All my writing has basically become an abundance of annoyances streamed together on a free website for all my viewers (all four of you including Professor McVerry), and I sincerely hope you’ve enjoyed them. To all of you: I continue to add to the abundance of annoyances. This one going out to how to become a teacher. Now, I picked Southern strictly for being known to produce well teachers. Two of my favorite teachers ever from high school went to Southern, so I figured what the hell, I’ll be happy to save some money instead of paying an unnecessary $62,000 a year at Quinnipiac. Anyhow, I was discussing possible future internships with teachers at my old high school when it came about that Quinnipiac students who are seeking a teaching degree at Quinnipiac mostly intern at local schools such as North Haven High School and Cheshire (just two examples of other possibilities). My main question is: why do we sanction off sections for students to intern in? To be quite honest, I don’t ever remember having a Southern student interning at my high school. It was always quiet, dinky, my-mommy-and-daddy-are-paying-for-my-education type students who were too pretentious to teach average students (they always wanted honors or AP) and were too afraid of below average kids who weren’t as fortunate to have support systems who pushed them to succeed academically, or simply had an interest in something else. I have also been informed that Southern predominately does their internships at the surrounding urbanized or inner-city schools such as Hillhouse and Career who have a different culture in terms of their proximity to the city and the different life that kids may be accustomed to indifference to the suburbs. My suggestion is to intermingle the too experiences. One is not more beneficial than the other; They are just different environments that every future educator should be ready to walk into. Southern should experience inner-city schools and suburb-involved schools and the same should go for Quinnipiac. We should all spread a little love and share.
Usually I try to steer clear of writing about issues solemnly bashing SCSU, but in this instance, it’s absolutely necessary. I’m writing in the present tense because in this particular instance I’m about to discuss, I cannot seem to get away from it or find a well-founded solution. The topic of today’s rant is Course Registration: yes, the one thing every single Southern student hates because of our schools inability to provide a viable system in which provides each student with ease in a time of such stress. Let me tell you something, Southern, I already passed blood sweat and tears attempting to schedule all my necessary courses for next semester (which by the way, are all Tuesday/Thursday classes, so well done with that), and i don’t need the rest of the problems that come along with the lack of technological fluency you’ve induced. After a mind-numbing experience trying to create a schedule that worked for me, I was finally content; That was until I was forced to wake up at 5:30 in the morning in order to punch in a series of numbers to pick my courses for next year. Nevertheless, Bannerweb and myscsu still failed me. My advisor did not tell me I needed departmental permission to take EDU 200. Something in which she should have done or told me during my meeting with her (but I’m over that because she’s nice and we all don’t always think of everything). It was also partially my fault for not playing it safe and asking her when i wasn’t too sure, but whatever. So i went to register this morning and it prevented me from doing so because some secretary somewhere didn’t know I existed yet. So between nine emails and a series of stalking the office hours of my advisor, I was finally able to get an acceptance from whoever that secretary is, and I will be able to register for the class mid-morning TOMORROW. Now, lets just hope no eager little freshman come running into the 7 last spots in the only time slot that fits into my painstakingly down-to-the-last-second schedule, because at that point I will give up and become a hobo. Southern, this is a PSA from every SCSU student around. Sincerely, just another number.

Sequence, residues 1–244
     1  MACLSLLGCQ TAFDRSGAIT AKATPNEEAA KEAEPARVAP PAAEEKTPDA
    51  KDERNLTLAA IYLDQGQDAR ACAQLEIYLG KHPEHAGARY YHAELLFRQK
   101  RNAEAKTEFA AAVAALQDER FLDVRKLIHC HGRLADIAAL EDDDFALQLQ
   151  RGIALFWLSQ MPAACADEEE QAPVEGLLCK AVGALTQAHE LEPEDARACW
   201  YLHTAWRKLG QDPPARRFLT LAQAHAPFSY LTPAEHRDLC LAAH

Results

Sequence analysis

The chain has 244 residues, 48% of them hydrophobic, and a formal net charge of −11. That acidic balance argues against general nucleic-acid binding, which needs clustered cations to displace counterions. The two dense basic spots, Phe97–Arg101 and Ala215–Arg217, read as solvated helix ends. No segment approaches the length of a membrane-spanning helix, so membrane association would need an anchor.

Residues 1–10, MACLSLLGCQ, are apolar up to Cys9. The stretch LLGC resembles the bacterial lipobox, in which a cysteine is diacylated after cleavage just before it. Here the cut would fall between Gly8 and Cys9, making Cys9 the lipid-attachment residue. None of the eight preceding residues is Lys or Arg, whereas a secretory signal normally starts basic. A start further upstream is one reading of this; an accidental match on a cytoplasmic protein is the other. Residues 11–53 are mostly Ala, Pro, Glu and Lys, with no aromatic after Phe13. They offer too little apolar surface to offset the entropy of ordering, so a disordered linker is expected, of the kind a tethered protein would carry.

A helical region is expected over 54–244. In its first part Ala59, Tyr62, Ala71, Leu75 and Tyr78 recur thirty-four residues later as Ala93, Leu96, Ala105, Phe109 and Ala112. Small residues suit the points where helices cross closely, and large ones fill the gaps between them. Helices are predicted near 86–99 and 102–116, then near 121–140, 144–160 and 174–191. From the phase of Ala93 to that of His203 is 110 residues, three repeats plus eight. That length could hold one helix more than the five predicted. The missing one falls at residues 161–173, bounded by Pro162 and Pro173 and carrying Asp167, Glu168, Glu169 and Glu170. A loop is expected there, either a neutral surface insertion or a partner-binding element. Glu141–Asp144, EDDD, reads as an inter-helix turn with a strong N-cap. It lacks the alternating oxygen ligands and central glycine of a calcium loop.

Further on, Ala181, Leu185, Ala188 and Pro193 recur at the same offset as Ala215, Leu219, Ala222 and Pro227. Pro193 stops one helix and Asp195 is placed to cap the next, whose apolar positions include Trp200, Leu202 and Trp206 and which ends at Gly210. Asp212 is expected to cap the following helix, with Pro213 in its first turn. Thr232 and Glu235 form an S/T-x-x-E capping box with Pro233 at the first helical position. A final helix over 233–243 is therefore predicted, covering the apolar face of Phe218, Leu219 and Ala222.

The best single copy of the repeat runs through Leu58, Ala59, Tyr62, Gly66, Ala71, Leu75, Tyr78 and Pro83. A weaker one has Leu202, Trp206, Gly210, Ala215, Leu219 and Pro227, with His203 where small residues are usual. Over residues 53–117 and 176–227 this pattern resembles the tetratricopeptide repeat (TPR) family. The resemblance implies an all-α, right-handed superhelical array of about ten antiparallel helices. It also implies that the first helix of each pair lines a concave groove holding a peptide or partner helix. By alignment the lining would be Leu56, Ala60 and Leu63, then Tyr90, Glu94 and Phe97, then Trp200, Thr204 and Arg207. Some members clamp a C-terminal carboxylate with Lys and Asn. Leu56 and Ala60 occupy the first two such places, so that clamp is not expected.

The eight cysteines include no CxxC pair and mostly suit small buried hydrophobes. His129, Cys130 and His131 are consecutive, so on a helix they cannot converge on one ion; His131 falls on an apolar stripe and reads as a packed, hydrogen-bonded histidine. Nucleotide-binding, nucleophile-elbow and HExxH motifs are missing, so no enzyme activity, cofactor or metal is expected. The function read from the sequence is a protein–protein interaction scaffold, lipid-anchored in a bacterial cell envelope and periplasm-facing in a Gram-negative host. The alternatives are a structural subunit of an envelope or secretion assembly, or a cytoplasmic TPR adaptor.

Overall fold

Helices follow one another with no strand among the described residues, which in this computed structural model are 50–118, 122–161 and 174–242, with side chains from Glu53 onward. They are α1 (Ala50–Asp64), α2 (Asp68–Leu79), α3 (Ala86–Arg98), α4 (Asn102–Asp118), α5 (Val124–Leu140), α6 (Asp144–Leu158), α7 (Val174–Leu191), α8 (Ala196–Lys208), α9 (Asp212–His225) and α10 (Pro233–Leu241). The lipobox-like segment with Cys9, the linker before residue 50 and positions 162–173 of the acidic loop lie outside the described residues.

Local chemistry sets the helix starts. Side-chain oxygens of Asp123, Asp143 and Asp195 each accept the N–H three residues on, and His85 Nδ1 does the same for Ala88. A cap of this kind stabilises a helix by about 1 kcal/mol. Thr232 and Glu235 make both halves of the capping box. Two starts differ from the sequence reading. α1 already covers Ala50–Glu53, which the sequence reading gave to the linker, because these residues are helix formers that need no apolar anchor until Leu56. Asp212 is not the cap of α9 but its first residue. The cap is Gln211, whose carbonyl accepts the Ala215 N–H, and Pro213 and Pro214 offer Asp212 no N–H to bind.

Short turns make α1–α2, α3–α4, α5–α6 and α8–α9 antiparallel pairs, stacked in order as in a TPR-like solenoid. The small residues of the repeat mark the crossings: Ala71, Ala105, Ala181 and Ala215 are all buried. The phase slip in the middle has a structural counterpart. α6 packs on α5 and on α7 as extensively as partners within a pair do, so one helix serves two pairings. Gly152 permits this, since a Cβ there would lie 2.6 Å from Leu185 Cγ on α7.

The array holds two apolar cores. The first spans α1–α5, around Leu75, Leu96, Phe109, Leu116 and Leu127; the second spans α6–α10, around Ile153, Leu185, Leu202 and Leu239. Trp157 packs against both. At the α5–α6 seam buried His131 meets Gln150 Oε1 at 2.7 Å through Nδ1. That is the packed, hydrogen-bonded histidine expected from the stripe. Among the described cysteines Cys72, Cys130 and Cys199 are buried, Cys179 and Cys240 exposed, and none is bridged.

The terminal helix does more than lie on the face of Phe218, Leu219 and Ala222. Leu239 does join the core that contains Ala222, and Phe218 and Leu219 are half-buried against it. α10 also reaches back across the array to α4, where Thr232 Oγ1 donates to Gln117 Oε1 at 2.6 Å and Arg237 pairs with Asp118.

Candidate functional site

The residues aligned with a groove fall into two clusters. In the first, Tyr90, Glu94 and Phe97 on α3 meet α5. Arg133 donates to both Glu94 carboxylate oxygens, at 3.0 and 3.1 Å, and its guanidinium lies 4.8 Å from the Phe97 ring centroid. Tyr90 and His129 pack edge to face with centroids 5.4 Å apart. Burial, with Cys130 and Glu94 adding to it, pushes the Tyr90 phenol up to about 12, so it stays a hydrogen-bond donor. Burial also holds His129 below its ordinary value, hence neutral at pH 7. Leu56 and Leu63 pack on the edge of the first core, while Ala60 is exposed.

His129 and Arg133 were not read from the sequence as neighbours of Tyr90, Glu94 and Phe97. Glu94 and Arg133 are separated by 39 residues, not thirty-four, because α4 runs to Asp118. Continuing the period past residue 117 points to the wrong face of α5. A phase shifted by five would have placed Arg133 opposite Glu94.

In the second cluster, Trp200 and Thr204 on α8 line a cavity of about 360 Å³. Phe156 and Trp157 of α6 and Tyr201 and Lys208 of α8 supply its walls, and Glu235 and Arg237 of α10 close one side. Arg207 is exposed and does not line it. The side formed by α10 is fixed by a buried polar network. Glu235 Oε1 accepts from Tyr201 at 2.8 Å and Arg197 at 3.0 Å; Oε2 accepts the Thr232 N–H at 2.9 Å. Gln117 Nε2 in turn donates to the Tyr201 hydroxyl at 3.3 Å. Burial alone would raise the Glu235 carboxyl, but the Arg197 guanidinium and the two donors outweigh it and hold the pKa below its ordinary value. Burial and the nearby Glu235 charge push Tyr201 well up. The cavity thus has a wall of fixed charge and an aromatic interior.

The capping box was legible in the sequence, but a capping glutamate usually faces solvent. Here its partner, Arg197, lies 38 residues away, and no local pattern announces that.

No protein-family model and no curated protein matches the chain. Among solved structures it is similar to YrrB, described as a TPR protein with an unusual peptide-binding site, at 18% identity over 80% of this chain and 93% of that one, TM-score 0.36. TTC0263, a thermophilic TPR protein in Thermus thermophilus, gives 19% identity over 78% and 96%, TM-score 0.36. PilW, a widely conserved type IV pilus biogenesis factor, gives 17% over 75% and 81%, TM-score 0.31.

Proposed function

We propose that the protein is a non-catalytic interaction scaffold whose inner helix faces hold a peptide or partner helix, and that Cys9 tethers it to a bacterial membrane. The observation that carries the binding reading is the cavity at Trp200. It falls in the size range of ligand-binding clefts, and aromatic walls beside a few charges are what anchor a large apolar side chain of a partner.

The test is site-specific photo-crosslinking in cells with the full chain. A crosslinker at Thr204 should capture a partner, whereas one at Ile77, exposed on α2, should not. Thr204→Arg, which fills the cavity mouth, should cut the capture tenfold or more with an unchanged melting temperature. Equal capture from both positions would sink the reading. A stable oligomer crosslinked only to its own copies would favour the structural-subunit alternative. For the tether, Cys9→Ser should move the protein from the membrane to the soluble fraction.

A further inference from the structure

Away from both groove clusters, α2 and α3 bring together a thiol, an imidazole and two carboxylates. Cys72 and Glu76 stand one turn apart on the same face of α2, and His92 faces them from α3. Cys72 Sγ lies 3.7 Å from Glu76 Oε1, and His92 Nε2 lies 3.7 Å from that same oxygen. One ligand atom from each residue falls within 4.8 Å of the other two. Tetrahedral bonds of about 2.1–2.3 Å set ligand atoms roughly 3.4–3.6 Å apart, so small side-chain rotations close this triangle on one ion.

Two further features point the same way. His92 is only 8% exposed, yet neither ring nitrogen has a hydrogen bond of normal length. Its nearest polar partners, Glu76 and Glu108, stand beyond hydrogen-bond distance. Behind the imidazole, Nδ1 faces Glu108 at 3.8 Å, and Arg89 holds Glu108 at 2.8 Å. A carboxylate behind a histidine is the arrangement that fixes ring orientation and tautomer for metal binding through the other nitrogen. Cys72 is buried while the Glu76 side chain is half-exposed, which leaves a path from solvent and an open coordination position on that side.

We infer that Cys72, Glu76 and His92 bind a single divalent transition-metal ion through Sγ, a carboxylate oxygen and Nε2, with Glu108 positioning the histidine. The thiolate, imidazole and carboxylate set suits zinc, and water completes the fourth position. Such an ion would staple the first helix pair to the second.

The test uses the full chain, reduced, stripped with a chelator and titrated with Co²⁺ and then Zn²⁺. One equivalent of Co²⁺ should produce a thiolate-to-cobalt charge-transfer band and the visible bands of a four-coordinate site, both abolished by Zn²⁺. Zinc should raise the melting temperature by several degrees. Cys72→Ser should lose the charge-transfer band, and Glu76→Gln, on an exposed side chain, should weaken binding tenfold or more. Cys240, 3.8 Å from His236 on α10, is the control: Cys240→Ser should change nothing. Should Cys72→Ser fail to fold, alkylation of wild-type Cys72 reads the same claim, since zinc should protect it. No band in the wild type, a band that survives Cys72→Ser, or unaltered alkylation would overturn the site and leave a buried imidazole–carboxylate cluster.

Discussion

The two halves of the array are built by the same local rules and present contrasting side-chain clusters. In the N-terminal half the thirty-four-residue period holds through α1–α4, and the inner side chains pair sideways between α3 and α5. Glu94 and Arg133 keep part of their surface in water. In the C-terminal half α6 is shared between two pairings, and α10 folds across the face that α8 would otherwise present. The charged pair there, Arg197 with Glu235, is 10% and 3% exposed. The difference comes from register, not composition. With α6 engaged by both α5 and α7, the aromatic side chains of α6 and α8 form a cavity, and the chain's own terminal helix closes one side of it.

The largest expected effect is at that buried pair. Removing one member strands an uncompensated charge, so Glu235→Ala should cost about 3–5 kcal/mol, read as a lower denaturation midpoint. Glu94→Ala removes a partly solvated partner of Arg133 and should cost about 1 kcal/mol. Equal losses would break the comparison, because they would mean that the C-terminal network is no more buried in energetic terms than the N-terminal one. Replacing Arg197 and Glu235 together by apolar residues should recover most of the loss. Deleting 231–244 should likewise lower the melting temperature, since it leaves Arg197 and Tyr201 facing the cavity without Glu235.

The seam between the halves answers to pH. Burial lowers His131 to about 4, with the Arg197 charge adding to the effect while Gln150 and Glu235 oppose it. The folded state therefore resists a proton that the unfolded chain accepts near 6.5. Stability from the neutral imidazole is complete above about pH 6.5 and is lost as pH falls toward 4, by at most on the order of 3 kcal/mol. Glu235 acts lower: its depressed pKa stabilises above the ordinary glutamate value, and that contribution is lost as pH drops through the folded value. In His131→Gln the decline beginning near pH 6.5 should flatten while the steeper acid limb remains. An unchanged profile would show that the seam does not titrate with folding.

Within the reading I found a specific interest in the concept of social semiotics. Now, I am by no means a wiz at technology or fonts or coding or really anything besides searching on Google and writing papers, so it has become particularly interesting to me that there are individuals out there who analyze the way things are read and why. The paragraph in the reading in which states, “The approach from Social Semiotics not only draws attention to the many kinds of meanings which are at issue in design, but the “social” in “Social Semiotics” draws attention to the fact that meanings always relate to specific societies and their cultures, and to the meanings of the members of those cultures. Semiotics takes the sign – a fusion of a form and a meaning – as its basic unit. In making signs we –embedded in our cultures – select forms in such a way that they expresses the meanings that we ‘have’ always ‘aptly’; hence signs always express, through their form, the meanings that the makers of signs have wished to make” is an interesting concept to think about, especially when considering the theme of individualized learning. For texts and images (signs) to be aptly based off of the expression of a culture and how to intrigue interest can and should be used similarly in classroom settings. Imagine if we took this same concept for each student and individualized texts and images in readings and on projects or lectures and made it adaptable and relatable to each individual in order to increase learning growth, how much individuals would strive. While, yes, we may have to leave some aspects of school traditional, we can open up an entire branch of learning that involves students adapting to information and skills in their own ways based on their culture, their abilities to interpret text, and be attracted or interested in these texts and images. This idea of Social Semiotics may be a branch to open an entire field of education that is practically unsolved. In addition we can take the idea of design from social semiotics and transform it to fit individual topics in education systems. For example, in Literature Classes we can use design to create our own ideas about what society has become today into images and using those images, create our own literature that parallels to how authors would code societal issues into their writing.